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America's Health Insurance Plans, a trade association that lobbies on behalf of insurance companies in Washington and in state legislatures, announced on Wednesday that Marilyn Tavenner, the former administrator of the Centers for Medicare and Medicaid Services (CMS), will serve as its president and chief operating officer. Tavenner oversaw the disastrous implementation of ObamaCare during her tenure, which, some suspect, ultimately led in her resignation from CMS in January.
"There is no better individual than Marilyn to lead our industry through the increasingly complex health care transformation that is underway," Mark Ganz, chairman of the America's Health Insurance Plans, said in a press release. "As the unifying voice for our industry, AHIP and its members are uniquely positioned to address the pressing healthcare challenges facing consumers, and Marilyn is a recognized leader who brings the experience, tenacity, and dedication to achieve our advocacy goals and to move the health system forward in a way that is patient-centered."
America's Health Insurance Plans criticized the Obama administration when it shifted policies to address public outrage. In late 2013, when millions of health plans were canceled despite President Obama's unrealistic promise that Americans would be able to keep their coverage, the administration announced a fix that would allow state insurance commissioners to continue those policies. America's Health Insurance Plans warned that "[c]hanging the rules after health plans have already met the requirements of the law could destabilize the market and result in higher premiums for consumers." The firm also opposed any changes to ObamaCare's insurance company bailout program.
Interestingly, Ganz said that Tavenner "has the respect and trust of policymakers and stakeholders from all sides." That may be a stretch. CMS wrote many of the regulations for the law, include those that led to the cancellation of health insurance plans, and was behind much of the implementation of ObamaCare leading up to the first open enrollment period, which began in October 2013. The initial rollout of the federal Exchange was nothing short of a disaster. HealthCare.gov, the website on which consumers could purchase coverage, was plagued with glitches and bugs that made enrolling a long and grueling experience.
Tavenner, who reportedly resorted to temper tantrums and threatened to resign if the launch of the website was delayed, and other administration officials were criticized for ignoring warnings that the system was not ready to launch and would result in a bad experience for consumers. She appeared in House and Senate committee hearings to answer for the botched rollout.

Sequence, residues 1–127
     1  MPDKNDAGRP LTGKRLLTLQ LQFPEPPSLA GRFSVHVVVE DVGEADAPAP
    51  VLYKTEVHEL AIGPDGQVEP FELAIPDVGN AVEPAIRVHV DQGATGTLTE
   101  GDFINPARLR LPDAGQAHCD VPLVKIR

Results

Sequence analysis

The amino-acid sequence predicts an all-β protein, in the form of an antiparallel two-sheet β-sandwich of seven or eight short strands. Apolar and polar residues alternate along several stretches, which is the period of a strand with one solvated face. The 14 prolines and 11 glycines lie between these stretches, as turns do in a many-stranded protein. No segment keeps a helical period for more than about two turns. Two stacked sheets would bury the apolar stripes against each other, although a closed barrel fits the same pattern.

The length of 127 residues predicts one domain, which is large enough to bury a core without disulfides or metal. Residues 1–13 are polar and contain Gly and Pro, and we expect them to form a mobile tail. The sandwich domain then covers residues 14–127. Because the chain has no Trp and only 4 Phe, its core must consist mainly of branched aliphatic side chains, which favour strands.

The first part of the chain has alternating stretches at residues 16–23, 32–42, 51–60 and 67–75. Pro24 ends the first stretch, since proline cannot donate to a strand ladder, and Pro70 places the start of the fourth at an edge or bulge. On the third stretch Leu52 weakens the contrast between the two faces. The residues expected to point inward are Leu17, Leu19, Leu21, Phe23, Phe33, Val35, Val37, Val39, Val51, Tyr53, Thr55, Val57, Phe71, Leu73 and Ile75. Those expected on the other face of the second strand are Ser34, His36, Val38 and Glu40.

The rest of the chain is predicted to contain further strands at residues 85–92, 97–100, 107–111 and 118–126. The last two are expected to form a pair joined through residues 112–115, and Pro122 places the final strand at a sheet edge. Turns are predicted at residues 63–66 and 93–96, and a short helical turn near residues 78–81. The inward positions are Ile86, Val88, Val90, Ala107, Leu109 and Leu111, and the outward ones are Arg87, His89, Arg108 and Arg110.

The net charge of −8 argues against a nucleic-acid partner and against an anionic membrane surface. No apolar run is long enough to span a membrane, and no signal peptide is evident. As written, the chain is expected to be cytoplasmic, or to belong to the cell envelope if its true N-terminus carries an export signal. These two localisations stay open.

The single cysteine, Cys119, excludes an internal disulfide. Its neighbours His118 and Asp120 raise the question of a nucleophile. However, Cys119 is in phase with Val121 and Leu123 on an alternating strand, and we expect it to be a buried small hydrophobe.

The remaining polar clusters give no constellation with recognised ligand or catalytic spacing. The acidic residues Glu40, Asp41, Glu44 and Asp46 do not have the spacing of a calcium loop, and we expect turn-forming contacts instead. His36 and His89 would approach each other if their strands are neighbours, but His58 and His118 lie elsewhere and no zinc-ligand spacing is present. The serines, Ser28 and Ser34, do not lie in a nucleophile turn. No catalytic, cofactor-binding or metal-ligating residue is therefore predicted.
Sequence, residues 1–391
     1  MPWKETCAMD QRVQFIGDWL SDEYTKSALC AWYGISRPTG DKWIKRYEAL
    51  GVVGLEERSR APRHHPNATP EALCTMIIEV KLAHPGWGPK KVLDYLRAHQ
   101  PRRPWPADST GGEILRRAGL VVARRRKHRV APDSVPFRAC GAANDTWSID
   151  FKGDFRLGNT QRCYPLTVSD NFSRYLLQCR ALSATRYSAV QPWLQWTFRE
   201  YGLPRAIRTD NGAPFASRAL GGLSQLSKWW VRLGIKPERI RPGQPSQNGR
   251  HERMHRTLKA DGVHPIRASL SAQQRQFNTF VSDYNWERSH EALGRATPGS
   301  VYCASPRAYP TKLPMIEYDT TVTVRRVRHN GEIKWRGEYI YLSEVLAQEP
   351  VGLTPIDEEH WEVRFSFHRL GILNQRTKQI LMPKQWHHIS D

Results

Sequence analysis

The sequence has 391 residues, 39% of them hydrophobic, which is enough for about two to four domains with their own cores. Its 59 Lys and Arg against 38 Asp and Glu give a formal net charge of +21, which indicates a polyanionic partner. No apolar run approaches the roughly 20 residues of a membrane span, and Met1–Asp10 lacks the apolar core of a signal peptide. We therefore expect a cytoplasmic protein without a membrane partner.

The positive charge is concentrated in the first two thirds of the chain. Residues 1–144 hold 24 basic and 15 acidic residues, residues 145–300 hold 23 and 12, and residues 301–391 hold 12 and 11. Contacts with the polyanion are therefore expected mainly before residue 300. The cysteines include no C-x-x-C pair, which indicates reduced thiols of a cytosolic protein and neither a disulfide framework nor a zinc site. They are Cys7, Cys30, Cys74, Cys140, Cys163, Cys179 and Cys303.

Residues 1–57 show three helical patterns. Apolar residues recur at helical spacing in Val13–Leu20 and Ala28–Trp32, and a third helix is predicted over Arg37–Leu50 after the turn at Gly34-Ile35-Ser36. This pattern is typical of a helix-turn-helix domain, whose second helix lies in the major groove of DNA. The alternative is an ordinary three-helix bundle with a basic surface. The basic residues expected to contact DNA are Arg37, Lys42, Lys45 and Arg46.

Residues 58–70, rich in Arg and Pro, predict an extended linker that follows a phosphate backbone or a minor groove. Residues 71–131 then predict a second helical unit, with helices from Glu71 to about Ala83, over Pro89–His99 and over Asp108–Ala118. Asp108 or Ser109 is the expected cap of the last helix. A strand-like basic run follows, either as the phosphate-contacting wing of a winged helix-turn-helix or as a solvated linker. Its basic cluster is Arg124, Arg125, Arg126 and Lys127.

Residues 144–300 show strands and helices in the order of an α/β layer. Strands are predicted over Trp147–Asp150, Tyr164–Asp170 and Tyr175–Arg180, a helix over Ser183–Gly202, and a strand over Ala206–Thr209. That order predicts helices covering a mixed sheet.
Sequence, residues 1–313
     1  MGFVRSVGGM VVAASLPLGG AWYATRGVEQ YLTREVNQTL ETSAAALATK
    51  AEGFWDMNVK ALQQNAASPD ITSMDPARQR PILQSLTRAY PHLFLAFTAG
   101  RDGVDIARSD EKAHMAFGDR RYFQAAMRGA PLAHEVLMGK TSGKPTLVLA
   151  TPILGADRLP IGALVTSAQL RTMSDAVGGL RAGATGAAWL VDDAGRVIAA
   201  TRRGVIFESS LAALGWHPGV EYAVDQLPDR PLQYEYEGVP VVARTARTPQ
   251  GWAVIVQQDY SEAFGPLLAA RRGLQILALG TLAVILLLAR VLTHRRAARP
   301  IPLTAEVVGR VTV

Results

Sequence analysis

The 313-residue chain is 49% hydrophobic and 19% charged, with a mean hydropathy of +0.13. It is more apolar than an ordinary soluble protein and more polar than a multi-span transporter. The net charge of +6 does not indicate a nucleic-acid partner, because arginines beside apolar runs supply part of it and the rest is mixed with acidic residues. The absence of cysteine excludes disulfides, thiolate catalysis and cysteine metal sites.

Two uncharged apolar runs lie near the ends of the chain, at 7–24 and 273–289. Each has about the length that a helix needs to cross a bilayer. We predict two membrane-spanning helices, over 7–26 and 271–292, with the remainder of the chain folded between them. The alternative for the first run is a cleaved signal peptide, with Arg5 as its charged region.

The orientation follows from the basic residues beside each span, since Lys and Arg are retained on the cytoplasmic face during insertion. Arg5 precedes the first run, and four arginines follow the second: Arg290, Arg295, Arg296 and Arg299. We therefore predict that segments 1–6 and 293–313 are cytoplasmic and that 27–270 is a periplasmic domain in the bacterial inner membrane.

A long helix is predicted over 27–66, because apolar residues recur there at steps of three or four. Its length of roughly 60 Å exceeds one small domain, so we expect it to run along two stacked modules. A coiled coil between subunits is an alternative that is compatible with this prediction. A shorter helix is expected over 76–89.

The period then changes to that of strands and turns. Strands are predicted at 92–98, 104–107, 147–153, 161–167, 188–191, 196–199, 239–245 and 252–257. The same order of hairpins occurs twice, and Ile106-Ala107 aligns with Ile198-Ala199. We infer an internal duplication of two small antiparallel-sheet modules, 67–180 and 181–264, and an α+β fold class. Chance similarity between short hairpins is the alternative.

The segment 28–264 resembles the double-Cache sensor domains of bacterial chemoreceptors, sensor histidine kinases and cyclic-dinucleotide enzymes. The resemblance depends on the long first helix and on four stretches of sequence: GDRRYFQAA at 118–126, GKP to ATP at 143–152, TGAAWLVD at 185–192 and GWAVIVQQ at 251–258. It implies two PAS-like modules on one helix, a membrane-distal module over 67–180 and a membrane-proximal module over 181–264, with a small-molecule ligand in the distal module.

"To the millions of Americans who’ve attempted to use HealthCare.gov to shop and enroll in healthcare coverage, I want to apologize to you that the website has not worked as well as it should," Tavenner said in a contentious October 2013 House Ways and Means Committee hearing. "We know how desperately you need affordable coverage."
The hiring of Tavenner comes at a curious time. Health insurance companies are seeking rather large premium increases, due, in part, to the lack of younger and healthier enrollees to offset the older and sicker consumers in risk pools. President Barack Obama has encouraged consumers to pressure state insurance commissioners to reject large premium hikes requested by insurers.
Tavenner's hiring also shows the revolving door in Washington. Often, members of Congress, not long after they leave office, and seasoned congressional staffers head to prominent Washington lobbying firms, which tend to pay much better than a government salary.
The same is true of formerly high-ranking bureaucrats, even someone, like Tavenner, who had a controversial and tumultuous tenure. With Tavenner's connections to the administration and experience with healthcare regulations, America's Health Insurance Plans will be in a good place to lobby effectively for crony laws and regulations to benefit health insurers that supported the passage of ObamaCare. Americans who will bear the costs of bailouts, regulations, and other crony policies, however, will be left out in the cold.